Tuesday, August 19, 2014

K12 Adult Schools: Blueprints for Civic Action

This week the Final Report of the K-12 Task Force on California Civic Learning was released.

The purpose of the California Task Force on K-12 Civic Learning, co-chaired by Justice Judith McConnell and Sacramento County Superintendent of Schools David Gordon, was to ensure that Californians have the skills to participate in work, community, and civic life in the 21st century.

I was struck by the title: "Revitalizing K-12 Civic Learning in California:  A Blueprint for Action."
In so many ways, K-12 Adult Schools, in both form and function, are just such a blueprint.

Hit the "read more" link to learn why.

Include Teachers in the RC Planning Process

Here is a letter to CDE (California Department of Education) Superintendent from the presidents of the two largest teachers unions, CFT (California Federation of Teachers) and CTA (California Teachers Association) urging him to include teachers in the planning process for the new Regional Consortia system.
The letter is from April of 2014 - so it is not new - but I had not included it on this blog before and one purpose of the blog is to be a library of information which others can use in our work to save and rebuild Adult Education, especially K12 Adult Schools. 


Adult Education, like every branch of public education but even more so, is being re-formed.  It is being pruned and trimmed so that it grows in new directions.
Because public education is for the public and paid for by the public, we all need to be in on what is happening.   Including teachers is one way to make sure that happens.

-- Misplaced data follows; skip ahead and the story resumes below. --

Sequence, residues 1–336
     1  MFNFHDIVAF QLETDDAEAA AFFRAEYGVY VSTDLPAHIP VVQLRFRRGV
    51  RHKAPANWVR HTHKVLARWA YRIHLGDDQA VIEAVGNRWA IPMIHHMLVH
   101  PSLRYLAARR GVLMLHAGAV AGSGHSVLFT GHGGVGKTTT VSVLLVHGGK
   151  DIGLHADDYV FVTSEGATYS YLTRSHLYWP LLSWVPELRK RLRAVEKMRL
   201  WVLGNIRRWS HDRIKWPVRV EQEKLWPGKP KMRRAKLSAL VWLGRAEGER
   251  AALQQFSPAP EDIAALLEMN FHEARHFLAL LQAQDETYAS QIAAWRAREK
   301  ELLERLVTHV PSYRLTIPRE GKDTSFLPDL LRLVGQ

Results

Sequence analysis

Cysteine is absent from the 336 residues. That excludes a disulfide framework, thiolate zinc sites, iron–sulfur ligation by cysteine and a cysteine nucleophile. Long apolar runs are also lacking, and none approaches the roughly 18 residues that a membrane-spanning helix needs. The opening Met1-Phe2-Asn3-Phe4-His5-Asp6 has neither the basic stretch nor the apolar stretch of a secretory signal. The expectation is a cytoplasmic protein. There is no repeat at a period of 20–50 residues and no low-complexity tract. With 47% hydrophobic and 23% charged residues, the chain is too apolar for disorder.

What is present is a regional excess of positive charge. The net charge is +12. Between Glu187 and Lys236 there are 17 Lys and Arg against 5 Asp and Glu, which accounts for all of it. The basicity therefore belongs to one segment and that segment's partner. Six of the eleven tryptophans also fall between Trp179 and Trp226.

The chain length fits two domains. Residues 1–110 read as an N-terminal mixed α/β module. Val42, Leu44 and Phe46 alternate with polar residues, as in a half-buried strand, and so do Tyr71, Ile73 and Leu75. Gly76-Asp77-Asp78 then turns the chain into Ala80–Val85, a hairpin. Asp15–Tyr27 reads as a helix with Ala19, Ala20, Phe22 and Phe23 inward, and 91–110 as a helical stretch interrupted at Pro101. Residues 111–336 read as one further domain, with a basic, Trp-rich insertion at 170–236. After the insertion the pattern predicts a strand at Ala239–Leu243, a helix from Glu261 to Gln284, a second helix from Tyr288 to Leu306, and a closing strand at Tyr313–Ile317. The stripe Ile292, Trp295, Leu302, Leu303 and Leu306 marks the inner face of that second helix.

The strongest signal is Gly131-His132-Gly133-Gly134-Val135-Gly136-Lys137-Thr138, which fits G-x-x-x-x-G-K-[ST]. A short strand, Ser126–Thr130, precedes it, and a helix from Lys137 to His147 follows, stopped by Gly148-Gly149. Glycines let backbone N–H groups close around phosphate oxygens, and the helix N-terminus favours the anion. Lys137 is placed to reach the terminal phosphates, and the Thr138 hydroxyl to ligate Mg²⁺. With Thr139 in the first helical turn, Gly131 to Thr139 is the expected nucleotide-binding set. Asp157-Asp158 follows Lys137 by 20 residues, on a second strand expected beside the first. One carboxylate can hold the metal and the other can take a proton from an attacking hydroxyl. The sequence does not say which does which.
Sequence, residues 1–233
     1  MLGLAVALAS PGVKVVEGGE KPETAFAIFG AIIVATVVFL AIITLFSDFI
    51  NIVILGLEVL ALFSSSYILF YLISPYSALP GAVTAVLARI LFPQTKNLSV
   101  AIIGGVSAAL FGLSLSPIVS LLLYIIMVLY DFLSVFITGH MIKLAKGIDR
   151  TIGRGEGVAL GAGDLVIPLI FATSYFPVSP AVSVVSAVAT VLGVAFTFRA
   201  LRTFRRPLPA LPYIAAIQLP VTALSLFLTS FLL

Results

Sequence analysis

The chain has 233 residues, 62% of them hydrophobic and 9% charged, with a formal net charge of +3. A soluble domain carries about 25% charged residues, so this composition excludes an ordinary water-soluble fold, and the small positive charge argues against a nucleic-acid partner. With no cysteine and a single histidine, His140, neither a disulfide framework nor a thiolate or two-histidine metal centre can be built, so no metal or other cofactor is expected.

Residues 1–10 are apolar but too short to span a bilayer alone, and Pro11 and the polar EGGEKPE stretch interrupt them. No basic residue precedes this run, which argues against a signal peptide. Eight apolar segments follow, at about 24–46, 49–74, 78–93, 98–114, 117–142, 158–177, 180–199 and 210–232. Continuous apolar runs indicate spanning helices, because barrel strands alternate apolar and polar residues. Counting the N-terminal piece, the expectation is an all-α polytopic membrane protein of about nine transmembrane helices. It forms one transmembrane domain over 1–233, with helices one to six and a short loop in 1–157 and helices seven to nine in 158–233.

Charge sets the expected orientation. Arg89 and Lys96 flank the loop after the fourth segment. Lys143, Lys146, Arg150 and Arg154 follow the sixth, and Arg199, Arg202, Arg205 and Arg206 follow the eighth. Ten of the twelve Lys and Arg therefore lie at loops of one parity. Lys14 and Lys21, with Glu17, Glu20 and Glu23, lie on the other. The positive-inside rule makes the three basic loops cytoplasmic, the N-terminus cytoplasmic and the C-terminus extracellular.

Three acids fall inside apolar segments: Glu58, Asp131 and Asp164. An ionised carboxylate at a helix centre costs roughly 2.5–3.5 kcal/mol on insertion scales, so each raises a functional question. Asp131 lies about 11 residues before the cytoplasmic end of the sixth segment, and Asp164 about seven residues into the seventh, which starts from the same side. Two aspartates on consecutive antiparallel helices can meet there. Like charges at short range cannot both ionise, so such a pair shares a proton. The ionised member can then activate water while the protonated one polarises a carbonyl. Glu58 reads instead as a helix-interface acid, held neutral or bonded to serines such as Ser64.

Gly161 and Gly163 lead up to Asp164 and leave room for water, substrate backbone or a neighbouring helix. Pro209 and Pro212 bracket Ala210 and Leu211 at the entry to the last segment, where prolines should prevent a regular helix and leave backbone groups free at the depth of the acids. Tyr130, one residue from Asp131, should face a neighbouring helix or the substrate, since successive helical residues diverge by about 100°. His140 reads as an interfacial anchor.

Saturday, August 16, 2014

Data and Decisions: 2011 Little Hoover Report

The following testimony was given in 2011.  I am posting it here because I think it contains important data and important conclusions.  You can agree or argue with the conclusions.  You can use the data to better understand where we've come from and decide where we should best go next.

California Department of Education,
Adult Education Testimony Little Hoover Commission 
Respectfully submitted by Dr. Patrick Ainsworth,
Director of Secondary, Career, and Adult Learning Division
and Ms. Debra Jones, Administrator, Adult Education Office June 23, 2011 

Thank you for the opportunity to address the Little Hoover Commission and to share the vital issues surrounding adult education and the impacts of the current budget reductions. Adult Education has a long history in California serving adults since 1856. The first classes were taught in the basement of Old St. Mary’s Cathedral in San Francisco to Chinese immigrants. Since that time, the program has grown, and in 2008 adult education served 1.2 million adults.